Walleye Anglers on Lake Sharpe, Lake Francis Case Will Need Patience
PIERRE, S.D.—By the very nature of their sport, anglers are patient. That characteristic will serve them well in 2008 on Lakes Sharpe and Francis Case where walleye populations are plentiful but many of the fish have yet to reach a harvestable size.
The S.D. Game, Fish and Parks Department’s Missouri River fisheries staff says walleye populations in Lake Francis Case and Lake Sharpe generally share similar characteristics with that trend continuing throughout the upcoming year. Large year classes of walleye were produced in 2005 and 2006 in both lakes. The 2005 year class should begin to enter the sport fish harvest in 2008.
Creel survey data from Lake Francis Case indicates that catch rates were up in 2006 and 2007, while the harvest rate declined over the same period. Anglers were catching the 2005 and 2006 year classes, but were unable to harvest those fish due to their small size.
Anglers will again see substantial numbers of walleye just under the 15-inch minimum during 2008. With the variable nature of walleye reproduction and recruitment—the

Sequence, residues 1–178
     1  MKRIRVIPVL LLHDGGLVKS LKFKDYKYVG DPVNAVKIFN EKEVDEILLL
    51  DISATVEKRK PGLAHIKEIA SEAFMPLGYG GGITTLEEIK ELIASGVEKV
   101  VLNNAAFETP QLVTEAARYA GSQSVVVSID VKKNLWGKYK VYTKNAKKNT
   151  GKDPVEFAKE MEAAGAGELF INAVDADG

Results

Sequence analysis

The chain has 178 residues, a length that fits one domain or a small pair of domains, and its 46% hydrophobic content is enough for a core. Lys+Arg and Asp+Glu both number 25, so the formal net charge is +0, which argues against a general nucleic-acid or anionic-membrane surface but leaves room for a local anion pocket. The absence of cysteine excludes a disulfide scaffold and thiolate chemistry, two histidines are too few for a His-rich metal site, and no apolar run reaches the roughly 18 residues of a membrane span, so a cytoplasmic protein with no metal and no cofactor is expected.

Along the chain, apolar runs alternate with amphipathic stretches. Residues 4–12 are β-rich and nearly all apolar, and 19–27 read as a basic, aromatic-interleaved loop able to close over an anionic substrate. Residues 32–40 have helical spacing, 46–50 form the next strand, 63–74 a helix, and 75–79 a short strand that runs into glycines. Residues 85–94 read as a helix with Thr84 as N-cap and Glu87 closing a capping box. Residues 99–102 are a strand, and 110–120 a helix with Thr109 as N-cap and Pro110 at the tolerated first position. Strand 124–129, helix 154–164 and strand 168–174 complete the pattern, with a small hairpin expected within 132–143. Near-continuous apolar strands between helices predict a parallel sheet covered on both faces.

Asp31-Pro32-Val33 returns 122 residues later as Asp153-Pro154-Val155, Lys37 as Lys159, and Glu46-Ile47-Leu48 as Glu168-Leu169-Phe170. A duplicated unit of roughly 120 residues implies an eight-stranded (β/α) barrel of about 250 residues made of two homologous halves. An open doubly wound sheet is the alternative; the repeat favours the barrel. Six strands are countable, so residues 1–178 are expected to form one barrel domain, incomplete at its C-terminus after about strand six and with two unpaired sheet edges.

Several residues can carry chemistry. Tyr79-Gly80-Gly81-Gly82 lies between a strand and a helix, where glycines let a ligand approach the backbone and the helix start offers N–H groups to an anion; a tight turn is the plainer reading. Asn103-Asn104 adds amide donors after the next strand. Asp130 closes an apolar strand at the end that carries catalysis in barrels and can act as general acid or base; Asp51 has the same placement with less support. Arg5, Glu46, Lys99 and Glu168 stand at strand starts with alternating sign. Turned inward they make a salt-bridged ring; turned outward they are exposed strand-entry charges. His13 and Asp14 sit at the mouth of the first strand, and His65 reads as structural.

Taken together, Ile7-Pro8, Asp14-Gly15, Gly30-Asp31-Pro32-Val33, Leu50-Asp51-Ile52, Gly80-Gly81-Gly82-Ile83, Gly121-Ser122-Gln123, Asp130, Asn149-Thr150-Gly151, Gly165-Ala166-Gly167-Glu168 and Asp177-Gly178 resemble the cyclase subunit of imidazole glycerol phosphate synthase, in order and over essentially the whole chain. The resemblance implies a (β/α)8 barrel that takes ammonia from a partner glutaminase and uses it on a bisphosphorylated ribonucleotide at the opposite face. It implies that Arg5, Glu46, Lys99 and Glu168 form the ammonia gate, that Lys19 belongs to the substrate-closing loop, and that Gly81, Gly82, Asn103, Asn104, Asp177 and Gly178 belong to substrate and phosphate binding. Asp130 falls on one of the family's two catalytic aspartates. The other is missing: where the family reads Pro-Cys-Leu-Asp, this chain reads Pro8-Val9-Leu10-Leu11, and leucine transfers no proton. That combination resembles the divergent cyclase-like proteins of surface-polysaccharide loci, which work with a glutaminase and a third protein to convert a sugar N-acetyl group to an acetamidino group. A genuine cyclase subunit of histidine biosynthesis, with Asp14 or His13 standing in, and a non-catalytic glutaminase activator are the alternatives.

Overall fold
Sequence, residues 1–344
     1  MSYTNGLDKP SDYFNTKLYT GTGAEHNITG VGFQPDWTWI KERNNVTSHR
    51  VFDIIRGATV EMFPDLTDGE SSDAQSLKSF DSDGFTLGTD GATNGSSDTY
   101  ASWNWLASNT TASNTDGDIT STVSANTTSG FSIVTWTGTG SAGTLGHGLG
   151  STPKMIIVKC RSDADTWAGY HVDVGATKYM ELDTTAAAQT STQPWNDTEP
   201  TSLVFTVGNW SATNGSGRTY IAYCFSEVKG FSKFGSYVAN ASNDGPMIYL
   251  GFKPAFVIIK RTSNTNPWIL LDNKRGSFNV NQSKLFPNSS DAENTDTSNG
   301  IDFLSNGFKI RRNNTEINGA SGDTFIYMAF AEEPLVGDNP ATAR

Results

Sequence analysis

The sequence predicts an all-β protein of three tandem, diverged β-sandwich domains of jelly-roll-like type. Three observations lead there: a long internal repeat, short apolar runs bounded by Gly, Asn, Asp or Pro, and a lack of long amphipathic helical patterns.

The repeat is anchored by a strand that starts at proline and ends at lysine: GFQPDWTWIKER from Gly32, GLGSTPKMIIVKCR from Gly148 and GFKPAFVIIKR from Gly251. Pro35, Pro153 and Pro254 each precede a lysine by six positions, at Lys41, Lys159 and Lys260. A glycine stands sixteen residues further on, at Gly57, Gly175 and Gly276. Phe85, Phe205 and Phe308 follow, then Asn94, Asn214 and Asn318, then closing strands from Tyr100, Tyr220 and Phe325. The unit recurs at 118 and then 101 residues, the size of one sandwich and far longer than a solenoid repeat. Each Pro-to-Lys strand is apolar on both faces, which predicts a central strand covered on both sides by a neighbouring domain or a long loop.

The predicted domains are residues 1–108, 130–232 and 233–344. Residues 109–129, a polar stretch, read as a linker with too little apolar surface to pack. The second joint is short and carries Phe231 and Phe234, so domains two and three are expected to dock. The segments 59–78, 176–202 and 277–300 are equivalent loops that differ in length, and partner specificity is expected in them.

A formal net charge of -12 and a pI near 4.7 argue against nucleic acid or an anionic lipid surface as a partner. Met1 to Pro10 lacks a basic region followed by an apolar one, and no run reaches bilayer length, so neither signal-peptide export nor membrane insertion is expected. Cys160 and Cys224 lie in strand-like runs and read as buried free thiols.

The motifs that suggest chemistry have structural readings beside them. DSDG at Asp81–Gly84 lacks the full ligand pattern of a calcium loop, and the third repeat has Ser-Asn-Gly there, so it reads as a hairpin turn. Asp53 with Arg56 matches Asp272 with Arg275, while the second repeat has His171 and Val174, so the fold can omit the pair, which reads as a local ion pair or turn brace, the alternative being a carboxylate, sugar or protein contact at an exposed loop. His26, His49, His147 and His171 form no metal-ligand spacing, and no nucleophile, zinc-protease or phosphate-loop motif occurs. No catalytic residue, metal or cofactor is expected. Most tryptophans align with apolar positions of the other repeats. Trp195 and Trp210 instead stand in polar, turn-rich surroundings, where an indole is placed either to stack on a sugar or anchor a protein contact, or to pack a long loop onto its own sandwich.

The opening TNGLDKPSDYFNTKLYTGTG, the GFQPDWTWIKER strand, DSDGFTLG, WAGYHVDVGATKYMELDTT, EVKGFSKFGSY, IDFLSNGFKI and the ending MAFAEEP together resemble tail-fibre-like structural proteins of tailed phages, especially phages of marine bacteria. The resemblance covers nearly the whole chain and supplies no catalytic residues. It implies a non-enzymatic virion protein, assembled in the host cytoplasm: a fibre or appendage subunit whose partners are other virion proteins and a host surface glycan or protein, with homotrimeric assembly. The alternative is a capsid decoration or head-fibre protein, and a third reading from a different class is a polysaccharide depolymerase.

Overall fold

number of fish added to the population each year–in Missouri River reservoirs, these large year classes will provide a major contribution to angler catch over the next few years.
“Anglers should expect to sort through sub-legal walleye on Lake Francis Case and Lake Sharpe again during 2008.” said GFP Senior Fisheries Biologist Geno Adams. “Patience will be needed to find walleye of legal length to harvest in some instances, however, anglers should note that these year classes will provide much of the angling opportunity in upcoming years.”
Also, biologists suggest keeping white bass, channel catfish or other species instead of walleye to help spread harvest out during periods of lower reproduction.